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Our romantic relationships can be a great source of joy and fulfillment, but they can also be the cause of deep pain and hurt.  Perhaps one of the main reasons for the latter is when couples experience infidelity.

Infidelity happens when one partner crosses the boundary within the intimate relationship.  Boundaries are subjective to every relationship. For this reason, it is close to impossible to come to a commonly-agreed upon definition of what constitutes cheating. However, what is agreed upon is that cheating, in whatever form, shape and order, is universally forbidden, though universally practiced! Esther Perel, a psychotherapist who has done extensive research on infidelity amongst couples, estimates that between 26 to 75% of couples experience infidelity at some point or another.  The range is wide because of the different definitions of cheating.

The fact that so many couples experience infidelity means that this is something that can happen to anyone. Relate, a UK counselling service, states how a happy, fulfilling relationship is not insurance policy against infidelity – at best, it is a helpful deterrent.  All relationships are vulnerable to infidelity.

However, rather than allowing such stark reality to shock or depress us, we should embrace it and use such knowledge to create more healthy relationships.  For starters, we could be proactive and instead of avoiding topics of conversation about cheating, we create opportunities to talk about the possibility of infidelity, what it would mean to us and to our relationship, how it would affect us and how we think it could change us and our relationship. Allowing ourselves to go into what could happen, may heighten our awareness of what we have now, what we do not wish to have and thus, strengthen our resolve to take care of our relationship more.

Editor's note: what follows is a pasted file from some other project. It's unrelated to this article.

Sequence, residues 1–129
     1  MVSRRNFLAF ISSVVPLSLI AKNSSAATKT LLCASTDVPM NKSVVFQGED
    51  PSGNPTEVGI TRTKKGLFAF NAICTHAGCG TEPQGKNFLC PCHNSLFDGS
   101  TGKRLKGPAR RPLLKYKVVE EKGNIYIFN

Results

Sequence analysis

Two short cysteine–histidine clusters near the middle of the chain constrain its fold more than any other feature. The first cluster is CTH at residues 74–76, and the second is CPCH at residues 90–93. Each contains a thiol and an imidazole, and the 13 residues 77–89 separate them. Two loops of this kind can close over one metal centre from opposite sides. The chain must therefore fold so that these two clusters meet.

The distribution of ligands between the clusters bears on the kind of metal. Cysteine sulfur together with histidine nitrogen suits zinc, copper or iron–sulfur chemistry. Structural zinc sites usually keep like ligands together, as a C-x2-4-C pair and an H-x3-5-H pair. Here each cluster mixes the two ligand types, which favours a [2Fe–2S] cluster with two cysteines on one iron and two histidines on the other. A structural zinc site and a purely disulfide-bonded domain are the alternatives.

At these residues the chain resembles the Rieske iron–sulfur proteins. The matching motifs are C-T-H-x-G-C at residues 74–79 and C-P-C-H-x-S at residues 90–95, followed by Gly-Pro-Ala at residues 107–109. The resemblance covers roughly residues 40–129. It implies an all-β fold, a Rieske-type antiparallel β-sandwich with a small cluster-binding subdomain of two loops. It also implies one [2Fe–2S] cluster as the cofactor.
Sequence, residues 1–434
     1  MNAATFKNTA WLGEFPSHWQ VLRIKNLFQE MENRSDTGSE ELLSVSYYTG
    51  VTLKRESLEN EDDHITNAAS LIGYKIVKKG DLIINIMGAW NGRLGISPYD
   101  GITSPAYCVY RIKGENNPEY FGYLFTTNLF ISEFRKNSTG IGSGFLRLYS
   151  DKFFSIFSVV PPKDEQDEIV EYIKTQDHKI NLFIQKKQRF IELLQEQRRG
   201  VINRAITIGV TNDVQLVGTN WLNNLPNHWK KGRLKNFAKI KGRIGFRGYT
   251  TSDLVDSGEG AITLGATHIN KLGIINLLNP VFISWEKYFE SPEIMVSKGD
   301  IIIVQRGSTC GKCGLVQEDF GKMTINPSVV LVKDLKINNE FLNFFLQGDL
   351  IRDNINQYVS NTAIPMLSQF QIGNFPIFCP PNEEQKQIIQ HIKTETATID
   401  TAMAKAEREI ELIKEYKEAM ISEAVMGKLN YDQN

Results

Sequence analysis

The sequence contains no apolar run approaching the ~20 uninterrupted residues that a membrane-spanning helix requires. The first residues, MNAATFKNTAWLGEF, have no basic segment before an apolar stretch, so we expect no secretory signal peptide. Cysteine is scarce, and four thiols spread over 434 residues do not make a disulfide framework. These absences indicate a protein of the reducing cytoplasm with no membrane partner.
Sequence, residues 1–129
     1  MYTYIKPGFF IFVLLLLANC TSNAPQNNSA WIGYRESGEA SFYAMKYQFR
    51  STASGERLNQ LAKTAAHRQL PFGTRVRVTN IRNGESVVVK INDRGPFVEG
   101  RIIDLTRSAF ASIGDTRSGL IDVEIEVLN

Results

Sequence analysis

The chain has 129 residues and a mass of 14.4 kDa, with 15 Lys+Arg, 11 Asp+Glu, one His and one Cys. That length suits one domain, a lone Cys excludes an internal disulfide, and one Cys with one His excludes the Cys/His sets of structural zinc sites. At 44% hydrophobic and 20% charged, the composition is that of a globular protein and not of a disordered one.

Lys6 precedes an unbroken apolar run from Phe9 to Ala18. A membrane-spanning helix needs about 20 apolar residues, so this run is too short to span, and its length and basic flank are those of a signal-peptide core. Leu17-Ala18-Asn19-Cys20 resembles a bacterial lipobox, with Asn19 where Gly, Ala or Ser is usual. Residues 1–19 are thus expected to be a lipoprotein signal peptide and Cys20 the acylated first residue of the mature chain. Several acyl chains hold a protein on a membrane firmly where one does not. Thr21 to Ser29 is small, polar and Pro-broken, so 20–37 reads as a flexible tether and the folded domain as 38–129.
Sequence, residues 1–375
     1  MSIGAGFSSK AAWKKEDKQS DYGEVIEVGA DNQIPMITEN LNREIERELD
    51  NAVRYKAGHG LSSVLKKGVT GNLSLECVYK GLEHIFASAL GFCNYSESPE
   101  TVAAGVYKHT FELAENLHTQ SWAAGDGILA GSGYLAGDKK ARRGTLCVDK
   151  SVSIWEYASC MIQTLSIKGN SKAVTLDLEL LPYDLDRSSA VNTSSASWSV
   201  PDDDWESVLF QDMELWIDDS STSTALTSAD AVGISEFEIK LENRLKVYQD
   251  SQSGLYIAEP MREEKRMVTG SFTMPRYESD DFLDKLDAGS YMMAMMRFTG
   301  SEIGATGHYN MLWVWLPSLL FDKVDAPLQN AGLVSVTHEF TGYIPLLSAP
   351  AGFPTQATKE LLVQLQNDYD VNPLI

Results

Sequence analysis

Furthermore, such conversation also needs to take place when we are still at the stage of choosing whom to develop an intimate relationship with. If we value fidelity over freedom, for example, it helps to choose a partner who shares our values and views.

Finally, intimate relationships tend to make us very demanding on our respective partners. Once in a relationship, we tend to expect our partner to fulfill each and every need that we have, whether it’s physical, social, emotional or spiritual. Besides being unrealistic in our expectations of our partner, we fail or forget to realise that no one person is more responsible for meeting such needs, than ourselves. It is not our partner’s responsibility to have all our needs met, but purely ours. At best, all our partner can do is compliment us. This requires a certain level of self-awareness and a commitment for each partner to keep on working on their own self-development and growth.

However, despite our best efforts, we need to be realistic and know that affairs may still happen. Knowing what we think about them and imagining ourselves in a position where we may have to deal with it, may put us in a stronger psychological position to handle them, should we ever experience them.

(A sequence to this blog, Can we heal from infidelity? provides some tips on dealing with infidelity.)

 

 

Stephanie Caruana is a counsellor at Willingness. She offers counselling services to adolescents and adults experiencing some form of distress. She can be contacted on stephc@willingness.com.mt or call us on 79291817.